Bilingualism is an ability to communicate freely in two languages. Bilingual professional language learning implies acquiring specific knowledge of the two languages for professional purposes – those connected with language studies and/or language teaching. The most obvious outcome of bilingual professional language learning concerns the increase of proficiency revealed in a wide repertoire of linguistic knowledge, skills and abilities connected with speech perception and speech production. These changes are measured with the help of common testing techniques and estimated by generally accepted assessment systems. However, besides the outward changes, bilingual professional language learning is bound to result in certain inward changes that concern particular processes at deeper levels of language storage and processing – those represented in one’s mental lexicon. In our report we present an experimental research aimed at revealing how the two languages interact in bilingual mental lexicon in the context of their professional learning. The research was carried out with Komi-Permyak-Russian native speakers who receive professional higher education as future teachers of both languages (Komi-Permyak and Russian); the methods of free association experiment and directed chained association experiment were applied. Comparison of the experimental data received from first/second-year students and graduate students proved that professional simultaneous learning of the two languages determines considerable changes in the character of cross-linguistic interactions. In particular, changes in general frequency of interactions, their direction and specific type were revealed. The obtained results are discussed in the frameworks of the current dynamic theory of bilingualism and bilingual mental lexicon.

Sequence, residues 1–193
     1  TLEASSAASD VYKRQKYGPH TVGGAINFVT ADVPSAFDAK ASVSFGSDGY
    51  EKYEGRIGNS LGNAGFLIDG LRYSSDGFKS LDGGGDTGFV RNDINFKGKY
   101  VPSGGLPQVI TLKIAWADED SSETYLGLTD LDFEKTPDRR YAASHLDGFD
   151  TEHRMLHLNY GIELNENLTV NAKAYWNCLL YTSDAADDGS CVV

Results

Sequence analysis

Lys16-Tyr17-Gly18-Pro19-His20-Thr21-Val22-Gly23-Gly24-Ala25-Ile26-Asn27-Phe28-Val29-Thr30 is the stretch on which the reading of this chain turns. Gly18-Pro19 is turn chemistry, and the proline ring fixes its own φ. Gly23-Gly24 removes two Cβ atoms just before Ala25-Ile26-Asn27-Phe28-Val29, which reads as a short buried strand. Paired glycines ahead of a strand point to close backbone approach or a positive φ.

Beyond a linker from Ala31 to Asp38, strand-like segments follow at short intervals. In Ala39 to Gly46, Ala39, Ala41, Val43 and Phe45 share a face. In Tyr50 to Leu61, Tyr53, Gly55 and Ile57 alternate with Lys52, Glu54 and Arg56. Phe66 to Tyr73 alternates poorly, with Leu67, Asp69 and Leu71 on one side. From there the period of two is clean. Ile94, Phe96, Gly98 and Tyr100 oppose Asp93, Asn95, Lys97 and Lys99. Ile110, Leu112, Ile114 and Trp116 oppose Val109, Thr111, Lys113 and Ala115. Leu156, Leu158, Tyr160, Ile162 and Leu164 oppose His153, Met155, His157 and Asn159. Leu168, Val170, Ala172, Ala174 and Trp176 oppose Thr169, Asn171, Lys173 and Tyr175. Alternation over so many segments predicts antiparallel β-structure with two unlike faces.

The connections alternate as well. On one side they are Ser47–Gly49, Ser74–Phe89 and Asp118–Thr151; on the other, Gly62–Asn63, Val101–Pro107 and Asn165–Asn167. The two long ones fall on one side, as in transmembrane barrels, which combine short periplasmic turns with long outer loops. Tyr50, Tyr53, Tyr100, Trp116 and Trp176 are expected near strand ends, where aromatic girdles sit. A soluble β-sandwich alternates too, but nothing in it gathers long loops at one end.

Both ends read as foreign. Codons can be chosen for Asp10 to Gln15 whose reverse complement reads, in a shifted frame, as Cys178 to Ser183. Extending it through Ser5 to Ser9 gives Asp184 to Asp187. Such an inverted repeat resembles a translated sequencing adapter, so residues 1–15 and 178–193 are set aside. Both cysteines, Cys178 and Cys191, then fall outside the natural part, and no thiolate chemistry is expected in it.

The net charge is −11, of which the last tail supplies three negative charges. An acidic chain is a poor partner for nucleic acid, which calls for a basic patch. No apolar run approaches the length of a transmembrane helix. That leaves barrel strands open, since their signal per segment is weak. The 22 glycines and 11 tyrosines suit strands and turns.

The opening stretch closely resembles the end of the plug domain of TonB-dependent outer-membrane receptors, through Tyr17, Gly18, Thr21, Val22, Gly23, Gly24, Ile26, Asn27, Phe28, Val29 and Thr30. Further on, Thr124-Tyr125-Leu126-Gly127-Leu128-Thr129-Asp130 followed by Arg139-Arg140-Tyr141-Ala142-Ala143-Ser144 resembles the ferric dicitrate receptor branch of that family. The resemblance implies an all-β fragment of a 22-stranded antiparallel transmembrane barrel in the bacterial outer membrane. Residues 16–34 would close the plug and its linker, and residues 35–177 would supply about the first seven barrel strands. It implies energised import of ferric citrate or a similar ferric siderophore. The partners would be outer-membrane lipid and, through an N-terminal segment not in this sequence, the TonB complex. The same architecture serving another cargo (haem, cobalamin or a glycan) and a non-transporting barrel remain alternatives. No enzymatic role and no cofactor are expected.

Yuliya Leshchenko, Perm State Humanitarian-Pedagogical University, Russia
Tatyana Ostapenko, Perm State Humanitarian-Pedagogical University, Russia
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